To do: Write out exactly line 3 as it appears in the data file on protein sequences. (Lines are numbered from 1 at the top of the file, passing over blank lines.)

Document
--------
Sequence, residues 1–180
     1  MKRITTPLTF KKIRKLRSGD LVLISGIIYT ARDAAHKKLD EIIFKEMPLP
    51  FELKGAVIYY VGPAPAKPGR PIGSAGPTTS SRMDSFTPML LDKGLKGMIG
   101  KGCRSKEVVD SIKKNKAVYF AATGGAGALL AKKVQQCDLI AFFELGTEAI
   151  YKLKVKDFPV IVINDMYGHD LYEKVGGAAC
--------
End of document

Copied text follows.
    51  FELKGAVIYY VGPAPAKPGR PIGSAGPTTS SRMDSFTPML LDKGLKGMIG